True stories well told. Lee Gutkind
At some point in university, I read Charles Darwin’s On The Origin of Species. It was lyrical and riveting. Yes, you read that right. I’m talking about a scientific text published in 1859 … and I thoroughly enjoyed it. It was not what I’d call a cure for insomnia like so many of the dry, nonfiction texts I read throughout my school years. Have you ever wondered why history textbooks, so full of adventure, misfortune and the ideals on which countries were founded, tend to be written in fairly unimaginative language? Me, too. Well, I don’t have the answer. I do know, however, that it’s entirely possible to write about facts in an exciting style. There’s a reason why we enjoy reading fiction so much. So, in the interest of readability, I’ve pulled together five tips to help you make your nonfiction writing more engaging.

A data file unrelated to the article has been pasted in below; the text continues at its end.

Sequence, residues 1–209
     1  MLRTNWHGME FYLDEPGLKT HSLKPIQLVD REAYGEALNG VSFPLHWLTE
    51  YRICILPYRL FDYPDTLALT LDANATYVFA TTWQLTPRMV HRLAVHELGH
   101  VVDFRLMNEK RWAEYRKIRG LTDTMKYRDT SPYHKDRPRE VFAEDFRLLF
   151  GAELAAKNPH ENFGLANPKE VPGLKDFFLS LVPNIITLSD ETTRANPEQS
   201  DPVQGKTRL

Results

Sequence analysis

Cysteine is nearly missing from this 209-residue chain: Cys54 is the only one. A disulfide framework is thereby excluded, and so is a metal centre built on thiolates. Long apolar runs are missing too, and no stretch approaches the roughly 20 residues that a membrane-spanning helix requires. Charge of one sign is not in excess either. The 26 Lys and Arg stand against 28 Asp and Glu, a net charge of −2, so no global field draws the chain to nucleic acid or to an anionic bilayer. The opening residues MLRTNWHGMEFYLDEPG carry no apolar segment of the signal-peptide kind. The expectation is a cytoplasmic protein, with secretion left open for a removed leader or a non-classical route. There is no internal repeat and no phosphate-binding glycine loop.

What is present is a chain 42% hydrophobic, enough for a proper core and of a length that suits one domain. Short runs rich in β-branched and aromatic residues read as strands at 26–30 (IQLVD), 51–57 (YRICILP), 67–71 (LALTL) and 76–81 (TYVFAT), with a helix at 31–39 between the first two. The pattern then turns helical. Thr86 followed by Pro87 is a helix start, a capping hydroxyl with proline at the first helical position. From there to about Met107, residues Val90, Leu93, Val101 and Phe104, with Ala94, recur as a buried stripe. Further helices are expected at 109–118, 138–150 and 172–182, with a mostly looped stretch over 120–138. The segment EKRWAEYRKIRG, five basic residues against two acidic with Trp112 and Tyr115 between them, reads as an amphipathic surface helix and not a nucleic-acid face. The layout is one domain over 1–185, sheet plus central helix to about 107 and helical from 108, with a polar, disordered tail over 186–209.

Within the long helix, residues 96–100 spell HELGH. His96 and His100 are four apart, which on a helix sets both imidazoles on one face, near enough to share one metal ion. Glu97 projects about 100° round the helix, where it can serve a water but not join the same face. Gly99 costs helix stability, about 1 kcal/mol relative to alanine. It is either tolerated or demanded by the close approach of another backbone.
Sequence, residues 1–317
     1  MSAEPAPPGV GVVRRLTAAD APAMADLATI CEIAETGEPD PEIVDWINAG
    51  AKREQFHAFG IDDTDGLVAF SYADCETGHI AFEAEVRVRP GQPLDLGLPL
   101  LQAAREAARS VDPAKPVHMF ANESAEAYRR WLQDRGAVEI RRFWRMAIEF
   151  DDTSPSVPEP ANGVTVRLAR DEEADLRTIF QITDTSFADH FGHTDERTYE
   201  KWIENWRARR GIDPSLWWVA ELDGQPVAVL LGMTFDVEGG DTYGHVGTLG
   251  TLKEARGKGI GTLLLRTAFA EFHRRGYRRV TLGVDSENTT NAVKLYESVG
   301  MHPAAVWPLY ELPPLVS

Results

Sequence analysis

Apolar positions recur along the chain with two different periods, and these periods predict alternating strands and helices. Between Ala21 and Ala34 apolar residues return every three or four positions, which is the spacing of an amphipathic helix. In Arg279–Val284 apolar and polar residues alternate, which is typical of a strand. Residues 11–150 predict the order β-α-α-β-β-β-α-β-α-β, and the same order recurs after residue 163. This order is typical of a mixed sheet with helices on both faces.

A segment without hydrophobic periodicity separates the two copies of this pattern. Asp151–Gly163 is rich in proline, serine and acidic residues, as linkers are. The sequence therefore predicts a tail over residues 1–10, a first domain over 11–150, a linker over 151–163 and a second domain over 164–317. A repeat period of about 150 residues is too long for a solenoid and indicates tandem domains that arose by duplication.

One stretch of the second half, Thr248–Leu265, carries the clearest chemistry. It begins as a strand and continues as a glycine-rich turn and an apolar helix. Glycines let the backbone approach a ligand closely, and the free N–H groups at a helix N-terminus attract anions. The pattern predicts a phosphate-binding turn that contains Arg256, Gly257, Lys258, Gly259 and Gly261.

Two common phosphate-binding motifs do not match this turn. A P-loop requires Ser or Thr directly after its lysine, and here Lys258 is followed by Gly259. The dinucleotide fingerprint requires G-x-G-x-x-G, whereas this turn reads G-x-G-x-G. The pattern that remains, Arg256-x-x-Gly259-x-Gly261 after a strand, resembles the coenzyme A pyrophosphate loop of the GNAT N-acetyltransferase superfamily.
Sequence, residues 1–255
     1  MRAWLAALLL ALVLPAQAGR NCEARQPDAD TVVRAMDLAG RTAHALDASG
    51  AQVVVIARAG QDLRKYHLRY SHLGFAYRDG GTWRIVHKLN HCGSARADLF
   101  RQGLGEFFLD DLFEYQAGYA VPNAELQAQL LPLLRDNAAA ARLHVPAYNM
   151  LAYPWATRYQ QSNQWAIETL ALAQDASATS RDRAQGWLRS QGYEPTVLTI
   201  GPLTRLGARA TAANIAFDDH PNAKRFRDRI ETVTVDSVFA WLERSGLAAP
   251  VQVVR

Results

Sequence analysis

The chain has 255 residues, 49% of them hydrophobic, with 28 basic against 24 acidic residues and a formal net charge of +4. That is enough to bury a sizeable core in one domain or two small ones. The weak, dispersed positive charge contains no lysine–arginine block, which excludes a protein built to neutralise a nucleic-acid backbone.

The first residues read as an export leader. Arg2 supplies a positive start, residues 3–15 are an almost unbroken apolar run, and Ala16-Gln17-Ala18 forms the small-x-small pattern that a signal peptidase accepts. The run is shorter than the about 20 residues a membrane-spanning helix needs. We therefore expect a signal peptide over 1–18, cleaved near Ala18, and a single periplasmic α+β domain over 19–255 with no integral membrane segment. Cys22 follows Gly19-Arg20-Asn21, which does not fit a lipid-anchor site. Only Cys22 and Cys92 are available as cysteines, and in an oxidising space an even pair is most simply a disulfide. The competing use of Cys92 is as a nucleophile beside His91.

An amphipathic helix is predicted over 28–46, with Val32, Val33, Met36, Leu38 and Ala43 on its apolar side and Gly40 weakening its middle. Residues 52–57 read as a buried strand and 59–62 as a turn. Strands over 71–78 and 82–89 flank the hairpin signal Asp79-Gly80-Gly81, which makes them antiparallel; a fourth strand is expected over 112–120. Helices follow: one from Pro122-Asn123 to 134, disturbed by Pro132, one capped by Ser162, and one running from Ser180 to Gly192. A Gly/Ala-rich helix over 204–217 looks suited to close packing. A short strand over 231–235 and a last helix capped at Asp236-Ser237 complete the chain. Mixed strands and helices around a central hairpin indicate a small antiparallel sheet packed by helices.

- Explain complex ideas, scientific facts or technical workings through story elements (character, setting, plot, theme).
- Write like it’s a memoir. This form of creative nonfiction uses an individual’s personal life as a focus.
- With literary journalism, like Michael Pollan’s Cooked, an idea is explained through scientific analysis and personal anecdotes.
- Creative nonfiction makes good use of literary devices, like voice, tone, character and scene development.
- Make your nonfiction as experimental as fiction (like a poem that explains a math concept!), but always ground it in fact.
Need to see how creative nonfiction works in action? Here are some great examples:
Anthony Bourdain – All of his books are colourful and mouthwatering accounts of his travels through global culinary landscapes.
Laura Hillenbrand Unbroken – The story of Louis Zamperini’s life from childhood through WWII and beyond.
Rachel Carson Silent Spring – Using known scientific facts, this classic inspired the birth of the environmental movement.